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Posts Tagged ‘tweets’

During this completely bonkers year, I have needed voices of reason more than ever — to help me make sense of the pandemic and political madness, and cut through all the noise. Juliette Kayyem is one of my go-to sources for sharp, thoughtful, sane news commentary, and her tweets are a major source of light (and reliable information) these days.

I met Juliette when I worked at the Harvard Kennedy School, where my duties included staffing the camera room on campus. We had multiple faculty members who were regular guests on CNN and other networks, and the camera allowed them to speak to networks remotely.

I got to know Juliette as she’d come dashing into the camera room before a CNN hit, frequently finishing up a call with her consulting company before plugging in her curling iron and changing into a snazzy blouse. She struck me then as brilliant, real and funny, and I’ve enjoyed following her work ever since — but she is really knocking it out of the park these days.

This pandemic, whatever else it is, is confusing, and the distribution of a vaccine (not to mention containing the spread, distributing PPE, etc.) is (and will continue to be) a huge logistical and policy challenge. Juliette (a former homeland security advisor at the state and federal level) knows a thing or two about disaster response and logistics, and I have so appreciated her thoughtful takes on various stages of the pandemic and the challenges facing us at each stage. She and a colleague have also done a wise, funny “Questions from Quarantine” video series, and she occasionally peppers her Twitter feed with photos of her sunset runs, or her dog.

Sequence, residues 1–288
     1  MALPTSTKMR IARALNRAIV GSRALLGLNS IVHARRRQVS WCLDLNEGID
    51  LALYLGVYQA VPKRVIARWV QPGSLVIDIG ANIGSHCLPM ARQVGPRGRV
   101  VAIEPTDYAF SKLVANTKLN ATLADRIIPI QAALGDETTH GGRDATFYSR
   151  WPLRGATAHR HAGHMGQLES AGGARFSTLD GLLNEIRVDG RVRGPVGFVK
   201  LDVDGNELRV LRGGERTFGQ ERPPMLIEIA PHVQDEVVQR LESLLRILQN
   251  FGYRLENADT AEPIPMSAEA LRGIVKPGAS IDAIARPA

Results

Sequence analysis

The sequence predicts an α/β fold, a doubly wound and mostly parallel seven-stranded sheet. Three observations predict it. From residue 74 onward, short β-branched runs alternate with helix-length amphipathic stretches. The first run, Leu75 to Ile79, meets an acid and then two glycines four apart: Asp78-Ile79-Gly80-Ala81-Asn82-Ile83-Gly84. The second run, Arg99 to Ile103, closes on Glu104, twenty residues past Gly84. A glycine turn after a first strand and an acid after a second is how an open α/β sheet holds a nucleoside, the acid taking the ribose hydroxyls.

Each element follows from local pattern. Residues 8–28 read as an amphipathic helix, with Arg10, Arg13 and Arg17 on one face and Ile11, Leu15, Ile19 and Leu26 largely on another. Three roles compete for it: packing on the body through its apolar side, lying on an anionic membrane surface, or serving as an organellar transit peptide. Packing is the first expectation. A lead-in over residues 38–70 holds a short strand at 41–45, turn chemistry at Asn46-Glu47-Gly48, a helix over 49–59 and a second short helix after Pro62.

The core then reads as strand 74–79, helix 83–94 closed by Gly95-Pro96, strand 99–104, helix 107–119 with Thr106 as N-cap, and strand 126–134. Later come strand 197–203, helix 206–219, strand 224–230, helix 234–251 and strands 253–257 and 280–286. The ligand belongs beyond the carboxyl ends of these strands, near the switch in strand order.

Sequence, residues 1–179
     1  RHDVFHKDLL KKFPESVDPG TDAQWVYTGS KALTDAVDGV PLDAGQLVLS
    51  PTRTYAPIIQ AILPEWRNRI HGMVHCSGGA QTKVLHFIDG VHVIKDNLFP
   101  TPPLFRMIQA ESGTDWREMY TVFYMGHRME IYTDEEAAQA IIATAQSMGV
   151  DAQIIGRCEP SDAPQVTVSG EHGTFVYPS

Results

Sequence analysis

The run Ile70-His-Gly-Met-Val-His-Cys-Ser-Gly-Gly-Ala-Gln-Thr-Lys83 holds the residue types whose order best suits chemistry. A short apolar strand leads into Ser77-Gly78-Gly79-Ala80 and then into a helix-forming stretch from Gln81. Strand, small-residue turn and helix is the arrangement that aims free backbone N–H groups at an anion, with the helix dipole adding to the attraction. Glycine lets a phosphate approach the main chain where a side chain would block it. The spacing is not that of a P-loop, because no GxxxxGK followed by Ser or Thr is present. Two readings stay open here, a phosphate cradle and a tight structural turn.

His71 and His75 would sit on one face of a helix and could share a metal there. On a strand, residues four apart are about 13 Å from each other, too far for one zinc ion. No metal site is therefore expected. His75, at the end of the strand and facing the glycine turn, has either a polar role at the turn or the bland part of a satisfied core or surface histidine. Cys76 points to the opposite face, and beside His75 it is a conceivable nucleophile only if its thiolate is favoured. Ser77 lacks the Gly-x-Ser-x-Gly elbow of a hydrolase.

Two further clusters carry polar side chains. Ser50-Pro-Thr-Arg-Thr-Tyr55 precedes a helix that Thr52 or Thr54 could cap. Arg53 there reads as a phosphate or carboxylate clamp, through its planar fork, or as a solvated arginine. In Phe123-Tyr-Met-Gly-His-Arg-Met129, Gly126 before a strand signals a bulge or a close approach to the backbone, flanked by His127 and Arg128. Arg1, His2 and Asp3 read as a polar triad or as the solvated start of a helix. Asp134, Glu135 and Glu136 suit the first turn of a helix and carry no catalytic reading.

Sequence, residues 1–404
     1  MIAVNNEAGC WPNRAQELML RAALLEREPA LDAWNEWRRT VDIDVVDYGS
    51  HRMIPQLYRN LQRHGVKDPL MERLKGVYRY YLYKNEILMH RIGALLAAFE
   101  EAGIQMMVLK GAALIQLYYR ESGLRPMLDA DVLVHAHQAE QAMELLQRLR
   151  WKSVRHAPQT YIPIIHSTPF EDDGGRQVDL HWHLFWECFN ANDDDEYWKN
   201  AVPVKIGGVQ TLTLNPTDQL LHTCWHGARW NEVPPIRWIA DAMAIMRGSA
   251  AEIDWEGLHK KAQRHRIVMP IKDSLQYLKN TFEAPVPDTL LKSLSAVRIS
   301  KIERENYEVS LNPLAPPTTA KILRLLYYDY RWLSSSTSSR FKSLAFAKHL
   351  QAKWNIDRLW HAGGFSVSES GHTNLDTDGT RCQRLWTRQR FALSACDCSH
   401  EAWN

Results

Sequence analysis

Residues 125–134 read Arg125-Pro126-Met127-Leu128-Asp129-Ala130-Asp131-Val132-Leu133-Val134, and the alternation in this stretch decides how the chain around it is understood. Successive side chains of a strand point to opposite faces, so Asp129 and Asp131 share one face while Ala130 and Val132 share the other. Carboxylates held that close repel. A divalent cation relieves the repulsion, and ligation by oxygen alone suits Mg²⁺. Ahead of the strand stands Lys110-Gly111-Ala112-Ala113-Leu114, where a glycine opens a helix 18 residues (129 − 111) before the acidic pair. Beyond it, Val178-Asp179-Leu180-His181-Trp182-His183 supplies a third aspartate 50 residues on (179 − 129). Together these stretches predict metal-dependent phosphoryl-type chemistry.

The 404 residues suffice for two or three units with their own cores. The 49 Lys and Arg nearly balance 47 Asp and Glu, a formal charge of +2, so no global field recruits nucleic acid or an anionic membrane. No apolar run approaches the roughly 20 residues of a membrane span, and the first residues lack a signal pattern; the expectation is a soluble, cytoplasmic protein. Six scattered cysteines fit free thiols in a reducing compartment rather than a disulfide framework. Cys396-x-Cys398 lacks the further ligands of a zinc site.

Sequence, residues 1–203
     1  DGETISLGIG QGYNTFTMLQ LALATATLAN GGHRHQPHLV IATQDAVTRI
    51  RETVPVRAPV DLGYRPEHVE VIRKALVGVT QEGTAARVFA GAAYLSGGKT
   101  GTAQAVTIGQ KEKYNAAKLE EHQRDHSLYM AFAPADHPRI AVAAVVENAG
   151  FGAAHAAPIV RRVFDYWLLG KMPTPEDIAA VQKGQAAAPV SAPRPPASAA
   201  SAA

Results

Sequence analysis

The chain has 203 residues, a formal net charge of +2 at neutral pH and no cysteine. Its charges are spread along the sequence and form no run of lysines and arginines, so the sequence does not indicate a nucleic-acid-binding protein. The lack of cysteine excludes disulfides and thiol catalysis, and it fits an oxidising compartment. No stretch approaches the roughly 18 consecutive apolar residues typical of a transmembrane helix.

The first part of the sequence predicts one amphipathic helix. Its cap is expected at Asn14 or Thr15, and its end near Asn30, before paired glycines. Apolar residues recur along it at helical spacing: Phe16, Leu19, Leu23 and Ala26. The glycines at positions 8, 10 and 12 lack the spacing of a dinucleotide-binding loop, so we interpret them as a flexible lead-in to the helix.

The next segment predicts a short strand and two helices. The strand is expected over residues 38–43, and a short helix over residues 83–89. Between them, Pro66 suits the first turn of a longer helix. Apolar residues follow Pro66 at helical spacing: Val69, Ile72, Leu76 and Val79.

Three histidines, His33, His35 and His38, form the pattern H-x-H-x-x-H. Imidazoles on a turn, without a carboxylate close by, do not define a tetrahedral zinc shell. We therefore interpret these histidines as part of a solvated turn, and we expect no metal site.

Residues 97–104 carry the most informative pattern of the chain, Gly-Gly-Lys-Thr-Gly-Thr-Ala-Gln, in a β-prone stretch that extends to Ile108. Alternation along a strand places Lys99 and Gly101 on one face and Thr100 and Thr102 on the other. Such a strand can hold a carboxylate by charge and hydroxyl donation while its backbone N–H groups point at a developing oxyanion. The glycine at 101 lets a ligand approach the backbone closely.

In short, she’s a human being sharing her considerable expertise and also her very real, very human take on life during the pandemic, and I am here for all of it. I’m thankful today for the experts who are pulling back the curtain a bit, sharing their scientific and political knowledge (and their struggles with bored teenagers) as we continue to navigate this pandemic together.